How to Deal with a Ransomware Attack: 5 Key Steps to Consider


In 2020*, every 10 seconds a new organization became a victim of ransomware and an estimated $20 billion was paid out to criminals **. 

How to avoid being a victim of such an intrusion?

When it comes to ransomware, it’s important to say that the ransom is only the last part of a much more devastating attack. In most, if not all cases, the intruders have been inside your systems for over 200 days*** harvesting credentials, installing malware, stealing your data, and corrupting your backups.

Once the attack is set and ready to launch, they start encrypting your data and asking you to pay that sizeable ransom payment, this is the point where most organizations realize they have been hit with a ransomware attack. Three of the latest very public ransomware attacks asked for $20M and $50M payments, totally changing the outlook for 2021 and what clients and their insurance companies are willing to payout.

46% of Canadian businesses reported a ransomware attack.**

$879,582 is the average cost of a security breach for an SMB.***

How Am I being attacked?

Nowadays, it has become easier more than ever to become a cyber-criminal. Ransomware kits can be bought on the Dark Web for less than $200. With these kits, cyber-criminals are leveraging fileless attacks that totally bypass all traditional antivirus and email protection systems.

Also, make no mistake, with many organizations now prioritizing employees working from home, more and more workers are now being hit with phishing emails, thus facilitating the access to the back end of a business. In fact, 67% of ransomware attacks begin with a simple phishing email. Furthermore, contrary to popular beliefs, no single operating system is safer than another: Windows, MacOS, Android and iOS are all being hit. **

But paying the ransom is no guarantee that you will get your data back or prevent any other theft. Actually, your data is usually already up for sale on the Dark Web before they even ask you for the payment. Trying to recover without paying is never as simple as restoring from backups, even if they have not compromised them. You will need to treat your network and systems like scorched earth and reset all passwords and credentials.

How can you mitigate the loss of your data?

Once an attack occurs, it happens very fast. Many are surprised their antivirus system did not catch anything early on. Some try unplugging their systems hoping the attack will go away, but in all cases, they all wished they had seen it coming!

Here are my 5 key steps that you need to address now to give you much more than a fighting chance:

  1. Knowing that ransomware usually starts with a phishing email, let’s start there. User Awareness Training that includes Phishing Simulation to trains users to recognize and report suspicious emails is a relatively inexpensive way to strengthen your largest attack surface.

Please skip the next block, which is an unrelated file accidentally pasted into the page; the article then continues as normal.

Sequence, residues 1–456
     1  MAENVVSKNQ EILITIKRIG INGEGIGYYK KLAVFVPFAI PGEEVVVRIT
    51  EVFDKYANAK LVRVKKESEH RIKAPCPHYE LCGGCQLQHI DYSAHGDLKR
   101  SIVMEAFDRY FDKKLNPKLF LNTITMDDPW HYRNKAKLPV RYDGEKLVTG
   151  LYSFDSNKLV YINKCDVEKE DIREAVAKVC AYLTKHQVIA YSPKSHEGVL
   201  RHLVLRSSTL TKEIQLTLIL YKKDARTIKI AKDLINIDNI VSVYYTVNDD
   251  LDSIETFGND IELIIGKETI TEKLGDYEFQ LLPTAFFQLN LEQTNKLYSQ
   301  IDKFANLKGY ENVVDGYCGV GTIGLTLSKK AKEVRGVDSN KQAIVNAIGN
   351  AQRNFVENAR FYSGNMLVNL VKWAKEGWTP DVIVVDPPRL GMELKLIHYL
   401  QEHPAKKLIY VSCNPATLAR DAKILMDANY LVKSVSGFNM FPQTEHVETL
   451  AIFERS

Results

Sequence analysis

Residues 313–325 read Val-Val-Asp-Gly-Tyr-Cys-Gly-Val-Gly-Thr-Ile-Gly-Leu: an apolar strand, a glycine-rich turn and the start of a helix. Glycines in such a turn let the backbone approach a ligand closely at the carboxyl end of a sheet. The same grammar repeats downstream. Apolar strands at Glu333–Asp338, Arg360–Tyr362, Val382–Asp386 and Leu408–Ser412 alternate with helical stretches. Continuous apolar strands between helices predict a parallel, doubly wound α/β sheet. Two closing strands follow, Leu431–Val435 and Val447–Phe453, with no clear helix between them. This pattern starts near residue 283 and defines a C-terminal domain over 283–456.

2. You can further enhance your mitigation above by applying a Secure Email solution to intercept any content-based attacks in email, cloud storage, CRM apps, and messaging platforms. This will dramatically reduce the number of malicious emails that reach your users inboxes. Bonus points here if it includes a Security Operations Center (SoC) to send all those user-reported suspicious emails to.
  3. An XDR or Extended Detection and Response is a must for any organization wishing to have a system in place to limit cyber-attacks. This program provides your organization with multiple layers of protection to stop ransomware attacks before they get anywhere near the last phase of the attack: compromising your backups and encrypting your data. You can prevent ransomware if you monitor your files, networks, and endpoints to mitigate and remediate automatically 24/7, 365 days a year, by detecting and stopping any suspicious behaviour in real time. In fact, XDR proved itself during the latest Microsoft Exchange Server breaches by detecting and stopping all zero-day attacks as well as the 15,000 ransomware attacks per day that we saw.
  4. Now that your files, networks, and endpoints are under control, you can take a closer look at your backup and restore plan. There are varying opinions on the best approach but thinking of the worst-case scenario is a good place to start. Your Recovery Point and Recovery Time Objectives need to be clearly defined. Now you can stage your backups with snapshots and or leverage cloud-based solutions to do the same. You should always have a fully offline version that you can turn to as a last resort. Practice your recovery regularly to ensure your plan works.
  5. Create and document your Cybersecurity Plan. This is now mandatory for all organizations of any size. Insurance companies are basing your cybersecurity insurance premiums on how well you are protected. They will ask you to fill in a questionnaire and will determine their risk of payout on your answers. Those organizations with the best documented plans will pay the lowest premiums and have access to the largest payouts, if required. Your plan should also provide your team with a step-by-step guide on what to do in case something does happen. It should clearly outline what steps to take and who to call. Do table-top exercises regularly to practice and turn it into a reflex.

By adopting this defense in layers approach with several mitigations at each layer, you will have more opportunities to detect and stop ransomware and any other type of malware or attack before it can infect your systems, exfiltrate your credentials and sensitive data, and finally overwrite or delete your files.

*Checkpoint Cyber Security Report 2021

**Purplesec 2020 Ransomware Statistics, Data & Trends

***CIRA Cybersecurity Survey

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